Evaluating your young pitcher

Posted by Josh Spence on

 We have all witnessed little league or middle school baseball. Just like the old saying goes ‘you need to crawl before you walk, before you run’ so too does your baseball skillset. Executing fundamentals on the field is a big portion to success but what is going to separate young players is their ability to consistently accomplish the following:

  • ​How was their ‘Intent’ with their warm-up and pre-game routine?

    - Did they show discipline to elevate their heart-rate and execute a stretching/ ‘pre-hab’ routine?
    - How did the player conduct their throwing program?
 

  • ​How engaged was the player throughout the game? 

    - Were they watching the game regardless if they were in the lineup or not?
    - For better or worse, did the player tangibly show their Baseball IQ?
    

  •  Whether it was their own or a teammates, how did they respond too adversity? 

    - How did they control their body language? 
    - If there was a possible ‘second effort’ opportunity, did they seize it? 
    - Did they make the same mistake twice? 

    This young player is going to get too a point in their Baseball careers were the talent level is consistent, essentially the same (and therefore almost irrelevant). Talent will give you an opportunity and will help you be seen by those at the next level but the ability for the coach to put your name in the lineup with ‘trust’ I believe goes further in the long run. Yes, it’s easy to be adjudicator and just say we need to get better at fundamentals X,Y and Z but EVERYONE needs to refine their abilities. This list above are things you can control and only work on if you have the proper intent and mindset each time you take the field.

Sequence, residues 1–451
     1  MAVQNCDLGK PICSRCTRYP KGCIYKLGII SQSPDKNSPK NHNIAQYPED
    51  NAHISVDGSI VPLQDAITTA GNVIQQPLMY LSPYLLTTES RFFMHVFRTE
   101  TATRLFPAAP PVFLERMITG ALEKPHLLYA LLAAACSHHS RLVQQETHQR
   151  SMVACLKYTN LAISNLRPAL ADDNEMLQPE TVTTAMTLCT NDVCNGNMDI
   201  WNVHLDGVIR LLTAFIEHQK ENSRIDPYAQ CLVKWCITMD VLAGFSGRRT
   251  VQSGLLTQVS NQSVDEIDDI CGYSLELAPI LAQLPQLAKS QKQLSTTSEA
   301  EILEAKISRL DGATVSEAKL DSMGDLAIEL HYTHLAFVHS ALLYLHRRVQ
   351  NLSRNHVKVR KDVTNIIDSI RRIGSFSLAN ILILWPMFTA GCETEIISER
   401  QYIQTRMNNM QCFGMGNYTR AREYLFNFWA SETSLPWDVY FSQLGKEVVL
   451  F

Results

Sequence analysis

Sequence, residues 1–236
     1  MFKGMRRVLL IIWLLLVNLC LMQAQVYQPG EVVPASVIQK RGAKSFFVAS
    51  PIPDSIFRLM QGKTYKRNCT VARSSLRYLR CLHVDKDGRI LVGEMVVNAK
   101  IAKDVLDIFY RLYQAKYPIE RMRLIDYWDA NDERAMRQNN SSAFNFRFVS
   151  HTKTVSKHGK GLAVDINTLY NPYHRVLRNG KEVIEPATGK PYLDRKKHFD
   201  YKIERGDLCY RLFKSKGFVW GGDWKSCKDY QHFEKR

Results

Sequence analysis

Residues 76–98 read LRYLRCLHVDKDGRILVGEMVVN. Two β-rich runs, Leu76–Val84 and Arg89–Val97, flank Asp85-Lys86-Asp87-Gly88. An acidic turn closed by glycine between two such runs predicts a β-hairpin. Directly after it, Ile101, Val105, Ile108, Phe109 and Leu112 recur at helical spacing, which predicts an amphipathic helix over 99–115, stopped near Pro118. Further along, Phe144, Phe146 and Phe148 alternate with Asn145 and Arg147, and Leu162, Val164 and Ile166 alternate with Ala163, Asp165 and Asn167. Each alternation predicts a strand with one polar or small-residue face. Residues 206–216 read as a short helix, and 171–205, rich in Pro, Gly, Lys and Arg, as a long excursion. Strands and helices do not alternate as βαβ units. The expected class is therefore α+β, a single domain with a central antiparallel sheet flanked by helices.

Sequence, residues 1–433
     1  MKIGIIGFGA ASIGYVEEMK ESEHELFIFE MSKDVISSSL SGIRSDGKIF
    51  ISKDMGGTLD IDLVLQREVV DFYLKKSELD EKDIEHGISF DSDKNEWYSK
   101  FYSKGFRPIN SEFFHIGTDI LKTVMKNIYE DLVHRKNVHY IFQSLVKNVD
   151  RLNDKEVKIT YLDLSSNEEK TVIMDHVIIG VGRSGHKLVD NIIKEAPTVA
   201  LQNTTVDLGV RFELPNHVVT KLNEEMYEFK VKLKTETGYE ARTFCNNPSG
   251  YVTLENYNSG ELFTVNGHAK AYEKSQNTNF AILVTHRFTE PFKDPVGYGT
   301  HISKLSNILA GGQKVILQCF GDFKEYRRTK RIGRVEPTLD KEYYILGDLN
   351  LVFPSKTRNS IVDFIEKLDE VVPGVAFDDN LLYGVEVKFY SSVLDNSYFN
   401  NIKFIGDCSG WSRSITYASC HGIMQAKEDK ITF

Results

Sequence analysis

Part of developing as a Baseball player IS getting physically stronger and faster but there is also a component of understanding the Game and growing their Baseball IQ that can only come from the attention to detail they have each inning, with the correct mindset. Plenty of Coaches can teach you how to play Baseball; how to hit, throw and catch but learning this game comes from the teaching moments that happen during the game. How accountable are they to learn something new or at minimum reiterate a philosophy/ theory they have, each game?

    Evaluating and then articulating with young players can be difficult at times, especially if you’re giving feedback to a player that you have only seen a small sample size of. I could go on about this thought from a personality standpoint, but what interests me is from and IQ standpoint. In Sport, a Players talent level may not reflect their IQ level (in their given sport) and that also applies vise-versa. I like to call this Assumed knowledgeI can’t assume you have my knowledge on any given subject just like you can’t assume I have your knowledge on any given subject. 

    Coaches: My advice when giving feedback to a player is make sure you talk with them and understand their ‘Baseball journey’. Maybe what you’re trying to present, the player has no education in that matter at all? Maybe they are aware of it and you find a different way of explain things after learning how the Player receives  and processes information (for example, you may share an interest and now are able to explain your topic simpler by creating an analogy they can understand). ​​

 

Josh Spence


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